- Libraries: Libraries consist of each open-source library that SourceClear has identified within a code project. SourceClear maintains a database which is in sync with Ruby Gems in order to provide the most up to date information on your Ruby libraries.
- Licenses: Licenses allow users to view the software license information associated with each open-source library in use. SourceClear maintains license information by keeping in sync with Ruby Gems as described above.
You can find more details on these categories in the Issues, Vulnerabilities, Libraries, and Licensesdocumentation article.
Fixing vulnerability issues
After viewing the scan results, users will likely want to fix the vulnerabilities discovered in their Ruby project. SourceClear provides clear instructions for fixing vulnerability issues through the web interface.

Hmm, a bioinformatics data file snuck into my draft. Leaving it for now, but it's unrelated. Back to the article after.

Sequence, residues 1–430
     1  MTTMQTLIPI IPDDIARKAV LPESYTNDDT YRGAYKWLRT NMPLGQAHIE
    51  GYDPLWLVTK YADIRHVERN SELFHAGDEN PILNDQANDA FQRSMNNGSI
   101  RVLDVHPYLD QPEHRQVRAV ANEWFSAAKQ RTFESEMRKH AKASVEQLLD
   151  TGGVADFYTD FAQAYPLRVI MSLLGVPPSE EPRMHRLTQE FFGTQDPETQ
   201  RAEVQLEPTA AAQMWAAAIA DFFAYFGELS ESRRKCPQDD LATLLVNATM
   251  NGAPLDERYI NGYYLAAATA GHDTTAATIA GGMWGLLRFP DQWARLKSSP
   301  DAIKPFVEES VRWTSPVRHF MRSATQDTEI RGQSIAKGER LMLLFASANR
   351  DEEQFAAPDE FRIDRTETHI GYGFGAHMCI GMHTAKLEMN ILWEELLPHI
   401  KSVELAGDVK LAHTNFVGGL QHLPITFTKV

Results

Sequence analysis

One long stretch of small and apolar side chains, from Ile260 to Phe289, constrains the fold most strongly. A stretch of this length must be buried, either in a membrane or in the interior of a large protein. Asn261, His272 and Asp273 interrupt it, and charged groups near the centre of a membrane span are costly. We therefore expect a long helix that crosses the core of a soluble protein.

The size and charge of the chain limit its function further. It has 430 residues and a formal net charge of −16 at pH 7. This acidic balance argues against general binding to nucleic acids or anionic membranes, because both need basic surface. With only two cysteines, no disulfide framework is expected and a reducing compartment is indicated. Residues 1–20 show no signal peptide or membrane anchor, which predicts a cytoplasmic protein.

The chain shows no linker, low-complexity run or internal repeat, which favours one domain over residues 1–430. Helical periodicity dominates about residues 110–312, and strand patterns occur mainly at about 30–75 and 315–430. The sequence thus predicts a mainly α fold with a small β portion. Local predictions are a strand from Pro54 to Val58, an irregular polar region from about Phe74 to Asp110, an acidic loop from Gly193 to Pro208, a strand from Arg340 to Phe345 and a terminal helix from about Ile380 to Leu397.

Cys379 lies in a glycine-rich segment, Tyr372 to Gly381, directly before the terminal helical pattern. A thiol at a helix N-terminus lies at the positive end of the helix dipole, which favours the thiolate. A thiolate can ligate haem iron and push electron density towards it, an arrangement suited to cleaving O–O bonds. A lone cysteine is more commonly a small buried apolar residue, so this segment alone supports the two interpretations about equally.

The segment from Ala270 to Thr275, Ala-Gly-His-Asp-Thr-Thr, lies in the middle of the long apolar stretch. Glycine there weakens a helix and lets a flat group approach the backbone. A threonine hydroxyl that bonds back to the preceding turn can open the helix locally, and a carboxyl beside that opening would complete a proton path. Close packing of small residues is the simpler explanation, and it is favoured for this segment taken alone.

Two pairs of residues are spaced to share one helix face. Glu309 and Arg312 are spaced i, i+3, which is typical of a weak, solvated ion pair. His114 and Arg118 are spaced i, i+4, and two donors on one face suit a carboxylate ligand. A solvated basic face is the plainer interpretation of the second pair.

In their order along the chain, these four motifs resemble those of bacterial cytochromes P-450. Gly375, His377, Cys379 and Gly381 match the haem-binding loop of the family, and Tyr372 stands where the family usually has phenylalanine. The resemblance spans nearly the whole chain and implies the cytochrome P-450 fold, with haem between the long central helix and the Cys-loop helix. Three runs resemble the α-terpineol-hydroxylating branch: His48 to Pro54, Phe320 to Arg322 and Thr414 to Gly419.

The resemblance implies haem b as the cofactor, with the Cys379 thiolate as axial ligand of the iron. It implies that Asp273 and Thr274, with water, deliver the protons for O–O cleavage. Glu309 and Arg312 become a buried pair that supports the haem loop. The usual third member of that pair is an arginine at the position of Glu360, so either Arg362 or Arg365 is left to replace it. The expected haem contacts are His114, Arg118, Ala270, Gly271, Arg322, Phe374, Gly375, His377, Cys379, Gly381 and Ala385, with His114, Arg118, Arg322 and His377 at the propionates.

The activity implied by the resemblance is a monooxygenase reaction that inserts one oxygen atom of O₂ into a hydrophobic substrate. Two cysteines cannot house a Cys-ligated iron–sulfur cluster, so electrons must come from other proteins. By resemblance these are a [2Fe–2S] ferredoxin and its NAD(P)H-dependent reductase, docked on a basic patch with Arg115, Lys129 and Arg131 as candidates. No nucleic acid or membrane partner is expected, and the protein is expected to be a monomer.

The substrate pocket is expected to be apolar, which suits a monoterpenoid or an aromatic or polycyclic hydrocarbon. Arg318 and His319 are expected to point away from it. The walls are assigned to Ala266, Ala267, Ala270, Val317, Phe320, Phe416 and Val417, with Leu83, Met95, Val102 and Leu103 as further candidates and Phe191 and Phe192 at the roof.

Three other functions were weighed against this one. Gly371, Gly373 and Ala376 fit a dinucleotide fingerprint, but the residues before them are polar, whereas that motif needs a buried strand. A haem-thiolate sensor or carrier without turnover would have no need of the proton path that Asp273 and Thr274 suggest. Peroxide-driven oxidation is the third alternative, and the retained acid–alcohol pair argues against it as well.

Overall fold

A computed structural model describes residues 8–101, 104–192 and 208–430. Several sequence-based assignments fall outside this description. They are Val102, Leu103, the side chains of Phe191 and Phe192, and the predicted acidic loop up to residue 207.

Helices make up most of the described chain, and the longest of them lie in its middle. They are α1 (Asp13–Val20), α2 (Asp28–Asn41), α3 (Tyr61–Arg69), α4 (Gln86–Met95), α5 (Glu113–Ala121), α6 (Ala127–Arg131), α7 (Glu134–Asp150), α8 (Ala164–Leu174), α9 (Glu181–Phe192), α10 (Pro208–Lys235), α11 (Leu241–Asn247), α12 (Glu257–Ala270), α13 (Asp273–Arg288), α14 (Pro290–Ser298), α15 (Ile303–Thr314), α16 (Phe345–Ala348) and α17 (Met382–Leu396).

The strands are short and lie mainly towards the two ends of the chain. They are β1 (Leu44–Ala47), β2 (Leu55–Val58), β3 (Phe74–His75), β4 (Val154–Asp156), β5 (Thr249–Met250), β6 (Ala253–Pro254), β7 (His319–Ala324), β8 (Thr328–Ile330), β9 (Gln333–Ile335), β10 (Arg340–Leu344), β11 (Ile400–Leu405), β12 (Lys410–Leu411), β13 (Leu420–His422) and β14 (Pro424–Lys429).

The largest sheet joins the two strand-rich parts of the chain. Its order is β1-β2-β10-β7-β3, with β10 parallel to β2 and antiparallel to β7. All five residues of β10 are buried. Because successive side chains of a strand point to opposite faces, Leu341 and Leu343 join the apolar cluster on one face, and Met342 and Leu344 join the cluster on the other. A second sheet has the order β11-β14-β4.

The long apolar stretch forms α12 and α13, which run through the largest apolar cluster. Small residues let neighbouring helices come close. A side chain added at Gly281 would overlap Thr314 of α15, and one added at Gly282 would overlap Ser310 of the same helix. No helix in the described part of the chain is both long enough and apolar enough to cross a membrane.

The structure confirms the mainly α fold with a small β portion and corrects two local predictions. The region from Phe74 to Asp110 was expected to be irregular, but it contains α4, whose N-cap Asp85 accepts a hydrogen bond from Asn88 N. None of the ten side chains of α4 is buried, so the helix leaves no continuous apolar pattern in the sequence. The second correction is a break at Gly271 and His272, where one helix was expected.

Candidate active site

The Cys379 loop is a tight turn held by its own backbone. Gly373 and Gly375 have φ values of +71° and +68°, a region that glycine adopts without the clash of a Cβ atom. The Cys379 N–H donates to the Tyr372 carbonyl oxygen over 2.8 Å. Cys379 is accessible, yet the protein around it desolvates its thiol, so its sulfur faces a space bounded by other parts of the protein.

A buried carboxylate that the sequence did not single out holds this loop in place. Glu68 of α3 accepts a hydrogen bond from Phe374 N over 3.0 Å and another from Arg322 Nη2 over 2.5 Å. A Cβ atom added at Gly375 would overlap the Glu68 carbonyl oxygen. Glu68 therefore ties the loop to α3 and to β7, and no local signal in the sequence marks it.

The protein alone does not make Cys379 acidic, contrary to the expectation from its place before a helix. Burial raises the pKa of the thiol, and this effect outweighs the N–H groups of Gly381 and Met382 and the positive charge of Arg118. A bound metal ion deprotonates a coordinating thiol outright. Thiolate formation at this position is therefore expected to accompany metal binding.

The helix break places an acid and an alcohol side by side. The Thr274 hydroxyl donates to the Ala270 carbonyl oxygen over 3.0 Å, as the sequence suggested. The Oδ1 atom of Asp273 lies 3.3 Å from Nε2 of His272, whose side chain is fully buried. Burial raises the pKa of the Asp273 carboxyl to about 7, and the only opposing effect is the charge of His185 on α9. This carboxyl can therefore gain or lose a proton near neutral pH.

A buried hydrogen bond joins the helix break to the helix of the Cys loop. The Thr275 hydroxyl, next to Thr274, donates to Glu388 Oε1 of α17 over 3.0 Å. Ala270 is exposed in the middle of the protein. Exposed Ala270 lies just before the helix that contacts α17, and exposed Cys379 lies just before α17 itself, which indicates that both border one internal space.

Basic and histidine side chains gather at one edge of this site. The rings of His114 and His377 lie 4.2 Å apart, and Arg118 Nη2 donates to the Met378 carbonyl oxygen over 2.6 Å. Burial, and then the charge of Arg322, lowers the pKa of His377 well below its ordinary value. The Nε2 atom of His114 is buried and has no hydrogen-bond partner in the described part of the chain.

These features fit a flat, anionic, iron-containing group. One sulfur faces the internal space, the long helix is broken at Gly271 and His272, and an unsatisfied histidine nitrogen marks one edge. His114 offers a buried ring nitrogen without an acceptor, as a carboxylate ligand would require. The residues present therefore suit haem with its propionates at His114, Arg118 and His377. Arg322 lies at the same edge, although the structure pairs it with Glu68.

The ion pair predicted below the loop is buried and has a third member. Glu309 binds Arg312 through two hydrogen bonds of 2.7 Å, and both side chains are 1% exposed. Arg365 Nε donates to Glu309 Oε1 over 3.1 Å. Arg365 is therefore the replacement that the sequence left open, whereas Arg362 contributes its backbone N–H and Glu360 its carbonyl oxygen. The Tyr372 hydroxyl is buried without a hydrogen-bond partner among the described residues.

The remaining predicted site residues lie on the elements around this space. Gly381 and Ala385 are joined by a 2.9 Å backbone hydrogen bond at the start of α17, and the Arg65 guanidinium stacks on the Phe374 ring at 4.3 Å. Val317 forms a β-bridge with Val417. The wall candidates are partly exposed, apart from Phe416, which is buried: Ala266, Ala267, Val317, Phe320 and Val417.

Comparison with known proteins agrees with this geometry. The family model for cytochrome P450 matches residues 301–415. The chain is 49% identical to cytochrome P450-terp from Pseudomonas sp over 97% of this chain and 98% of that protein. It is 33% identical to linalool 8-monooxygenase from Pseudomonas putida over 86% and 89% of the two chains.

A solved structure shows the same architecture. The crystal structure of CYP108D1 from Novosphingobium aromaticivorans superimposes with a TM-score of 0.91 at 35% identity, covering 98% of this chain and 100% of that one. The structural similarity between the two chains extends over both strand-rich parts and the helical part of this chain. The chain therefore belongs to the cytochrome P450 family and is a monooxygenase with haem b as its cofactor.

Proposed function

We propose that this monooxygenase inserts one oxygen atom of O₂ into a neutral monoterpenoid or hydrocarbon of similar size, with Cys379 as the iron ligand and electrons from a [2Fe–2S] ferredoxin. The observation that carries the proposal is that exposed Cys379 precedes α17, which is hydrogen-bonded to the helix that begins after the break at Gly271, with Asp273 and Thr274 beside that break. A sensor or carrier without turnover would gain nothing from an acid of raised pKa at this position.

Fixing a direct vulnerability
When a library is specifically referenced in your Gemfile (not Gemfile.lock), SourceClear refers to the library as a “direct” dependency. Fixing a vulnerability in a direct dependency using SourceClear is simple. Using the open-source project mentioned in the Running a scan section and after having navigated to the project scan results within the SourceClear UI, you can filter down to “Vulnerability” issues which are included only in “Direct Libraries”: